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PG&E Making Progress on Safety; More Work to Do, Says Exec

The top gas executive for San Francisco-based Pacific Gas and Electric Co. (PG&E) told NGI Tuesday the combination utility is less than half way toward becoming a "top quartile" gas distribution and transmission pipeline operation but it still needs to fulfill a dozen recommendations from federal regulators following the September 2010 rupture and explosion of the transmission pipeline in San Bruno, CA, he said.

While citing progress, but admitting that at times change may have been forced too fast at times, Executive Vice President Nick Stavropoulos said PG&E has only fully addressed one of 12 recommendations from the National Transportation Safety Board (NTSB) investigation of the explosion that killed eight people and destroyed a suburban neighborhood south of San Francisco.

State and federal regulators, as well as citizen stakeholders, have been unsparing in their criticism of PG&E's gas system operations in the past five to 10 years, as well as in the utility's self-reported violations (see Daily GPI, Jan. 19) that PG&E divulged to the California Public Utilities Commission (CPUC) this year. Many of those violations, Stavropoulos pointed out, broke with PG&E internal standards and not necessarily state and federal regulations.

"I think we will know that we have 'arrived' when we have closed out all of the 12 NTSB specific recommendations," Stavropoulos said. "We have one closed out, and it gives me comfort that we have demonstrated to the nation's No. 1 independent authority on pipeline safety that we have done the things that they felt were important enough for us to do. Right now we have one recommendation closed and 11 that the NTSB calls 'open, but acceptable.'

"This is saying that the item is still open, but we have demonstrated that we have made sufficient progress against those recommendations and also articulated a measurable plan for us to continue to make progress. The feedback we get from the NTSB is going to be another measure of success in determining whether or not we have arrived."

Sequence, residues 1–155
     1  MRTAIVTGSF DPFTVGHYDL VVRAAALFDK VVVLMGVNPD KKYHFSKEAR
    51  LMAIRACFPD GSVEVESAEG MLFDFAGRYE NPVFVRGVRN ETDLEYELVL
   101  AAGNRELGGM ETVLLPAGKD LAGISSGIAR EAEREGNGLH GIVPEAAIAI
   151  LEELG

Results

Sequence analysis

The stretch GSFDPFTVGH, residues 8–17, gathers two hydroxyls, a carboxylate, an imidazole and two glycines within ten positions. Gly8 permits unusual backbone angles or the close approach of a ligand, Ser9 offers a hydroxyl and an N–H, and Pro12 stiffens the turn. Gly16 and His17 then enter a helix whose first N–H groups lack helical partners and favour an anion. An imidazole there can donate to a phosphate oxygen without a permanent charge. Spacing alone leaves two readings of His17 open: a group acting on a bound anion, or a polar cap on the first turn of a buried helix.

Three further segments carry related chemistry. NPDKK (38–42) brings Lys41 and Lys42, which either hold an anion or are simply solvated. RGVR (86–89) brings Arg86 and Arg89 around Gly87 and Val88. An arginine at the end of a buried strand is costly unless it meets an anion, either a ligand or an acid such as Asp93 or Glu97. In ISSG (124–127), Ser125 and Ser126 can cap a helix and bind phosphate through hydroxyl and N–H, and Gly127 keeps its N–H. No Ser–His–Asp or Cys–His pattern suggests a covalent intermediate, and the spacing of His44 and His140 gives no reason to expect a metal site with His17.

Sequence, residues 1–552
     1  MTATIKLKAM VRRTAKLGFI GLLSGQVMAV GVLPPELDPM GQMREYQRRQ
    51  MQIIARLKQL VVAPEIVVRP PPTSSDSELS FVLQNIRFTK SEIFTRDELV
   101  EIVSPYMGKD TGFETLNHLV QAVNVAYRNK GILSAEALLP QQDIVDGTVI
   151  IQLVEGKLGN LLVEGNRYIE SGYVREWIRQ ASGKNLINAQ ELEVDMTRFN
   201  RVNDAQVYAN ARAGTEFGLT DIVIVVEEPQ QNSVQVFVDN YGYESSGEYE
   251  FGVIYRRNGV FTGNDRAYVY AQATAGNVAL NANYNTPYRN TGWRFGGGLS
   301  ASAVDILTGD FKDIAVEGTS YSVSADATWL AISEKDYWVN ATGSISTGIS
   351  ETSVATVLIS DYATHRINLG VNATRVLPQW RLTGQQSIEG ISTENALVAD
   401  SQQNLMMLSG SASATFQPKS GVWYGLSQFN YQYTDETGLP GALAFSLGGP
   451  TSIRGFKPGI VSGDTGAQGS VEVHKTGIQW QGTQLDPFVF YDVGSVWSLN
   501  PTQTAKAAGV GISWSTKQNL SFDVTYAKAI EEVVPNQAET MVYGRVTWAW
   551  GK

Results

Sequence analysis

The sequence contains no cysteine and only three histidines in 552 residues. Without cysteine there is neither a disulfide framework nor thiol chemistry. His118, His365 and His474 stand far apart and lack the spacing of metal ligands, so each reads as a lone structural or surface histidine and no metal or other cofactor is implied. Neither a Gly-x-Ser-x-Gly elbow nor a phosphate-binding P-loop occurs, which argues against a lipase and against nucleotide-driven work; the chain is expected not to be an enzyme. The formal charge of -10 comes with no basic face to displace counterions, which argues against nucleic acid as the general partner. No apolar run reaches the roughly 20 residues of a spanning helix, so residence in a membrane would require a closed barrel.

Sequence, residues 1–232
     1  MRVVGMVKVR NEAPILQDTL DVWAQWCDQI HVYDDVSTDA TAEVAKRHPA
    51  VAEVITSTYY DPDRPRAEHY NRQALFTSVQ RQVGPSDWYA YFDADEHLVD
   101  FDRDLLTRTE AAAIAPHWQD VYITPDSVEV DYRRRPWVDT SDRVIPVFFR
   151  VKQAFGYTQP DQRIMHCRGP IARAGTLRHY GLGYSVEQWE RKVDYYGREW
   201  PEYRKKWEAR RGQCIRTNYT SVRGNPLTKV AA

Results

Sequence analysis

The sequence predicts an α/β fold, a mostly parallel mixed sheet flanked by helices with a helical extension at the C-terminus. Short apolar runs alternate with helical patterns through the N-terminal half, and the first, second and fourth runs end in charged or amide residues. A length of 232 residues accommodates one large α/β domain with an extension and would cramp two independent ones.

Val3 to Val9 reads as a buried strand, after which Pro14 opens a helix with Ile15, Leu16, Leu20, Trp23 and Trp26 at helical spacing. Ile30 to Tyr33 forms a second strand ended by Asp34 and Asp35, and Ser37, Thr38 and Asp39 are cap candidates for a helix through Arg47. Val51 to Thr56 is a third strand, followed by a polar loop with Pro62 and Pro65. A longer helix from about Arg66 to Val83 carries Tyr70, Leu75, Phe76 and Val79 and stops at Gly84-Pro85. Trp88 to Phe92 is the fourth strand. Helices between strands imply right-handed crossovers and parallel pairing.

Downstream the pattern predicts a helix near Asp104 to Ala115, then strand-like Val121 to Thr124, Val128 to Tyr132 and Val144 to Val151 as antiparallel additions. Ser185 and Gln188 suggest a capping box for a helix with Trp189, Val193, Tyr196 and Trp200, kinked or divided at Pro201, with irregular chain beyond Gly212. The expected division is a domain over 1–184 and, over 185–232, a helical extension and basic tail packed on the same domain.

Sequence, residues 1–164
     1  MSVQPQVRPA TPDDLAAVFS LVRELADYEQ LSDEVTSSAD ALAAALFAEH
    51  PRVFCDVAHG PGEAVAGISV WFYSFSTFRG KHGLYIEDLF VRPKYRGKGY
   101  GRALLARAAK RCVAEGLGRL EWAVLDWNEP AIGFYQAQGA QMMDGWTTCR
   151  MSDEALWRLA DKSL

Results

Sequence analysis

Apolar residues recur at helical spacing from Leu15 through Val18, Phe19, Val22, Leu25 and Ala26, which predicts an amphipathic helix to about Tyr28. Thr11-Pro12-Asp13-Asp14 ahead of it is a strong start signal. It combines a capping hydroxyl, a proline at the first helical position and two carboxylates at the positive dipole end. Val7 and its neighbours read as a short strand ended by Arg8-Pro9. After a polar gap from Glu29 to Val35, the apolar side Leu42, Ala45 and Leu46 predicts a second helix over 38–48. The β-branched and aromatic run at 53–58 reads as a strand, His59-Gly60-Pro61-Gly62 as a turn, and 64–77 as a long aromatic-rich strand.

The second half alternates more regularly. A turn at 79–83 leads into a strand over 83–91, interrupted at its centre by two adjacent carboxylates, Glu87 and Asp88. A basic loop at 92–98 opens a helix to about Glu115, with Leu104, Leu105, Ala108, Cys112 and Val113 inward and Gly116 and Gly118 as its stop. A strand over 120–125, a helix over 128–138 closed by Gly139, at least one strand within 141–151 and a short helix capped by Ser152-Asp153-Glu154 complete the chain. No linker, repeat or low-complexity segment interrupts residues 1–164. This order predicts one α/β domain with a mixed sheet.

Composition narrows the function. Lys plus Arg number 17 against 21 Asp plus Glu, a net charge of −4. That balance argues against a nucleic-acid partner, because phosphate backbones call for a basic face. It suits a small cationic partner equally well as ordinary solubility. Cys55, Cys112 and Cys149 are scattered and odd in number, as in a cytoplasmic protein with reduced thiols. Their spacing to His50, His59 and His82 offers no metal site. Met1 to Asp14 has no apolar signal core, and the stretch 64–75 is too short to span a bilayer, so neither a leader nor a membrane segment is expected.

Nationally, major pipeline incidents per mile of transmission and distribution pipelines are going down, he said. "We're starting from a point where the U.S. gas pipeline system on balance is an extremely safe form of transportation. That said, I think the industry is making it clear that it wants to continue to do better."

NTSB, the Pipeline and Hazardous Materials Safety Administration (PHMSA) and the CPUC are holding the entire industry accountable to higher standards, Stavropoulos said. The new standards call for "verifiable, traceable and complete" records on maximum allowable operating pressure (MAOP) tests in stepped-up pipeline integrity management programs.

After a year on the job heading PG&E's gas system, which now operates separately within the combined utility, Stavropoulos said if nothing else, the utility has "kept its commitments" involving hydrostatic testing, installation of more automatic shutoff valves and a complete overhaul of its previously woeful record-keeping of pipeline maintenance and safety programs.

A top priority, which he admits may take years to fulfill, involves "embedding a safety-first culture into this organization...When I talk to other companies [inside and outside the gas industry], the No. 1 thing that every employee needs to understand is that 'safety first' is the top priority. In a short period of time, I think the employees are all seeing that we are a different company."

Even with that success, Stavropoulos said he probably instituted too many improvement programs (120 in all) for the organization to absorb in a year's time. Ultimately, he chalks that up to an improvement mindset that has grown since San Bruno and its continuing fallout.

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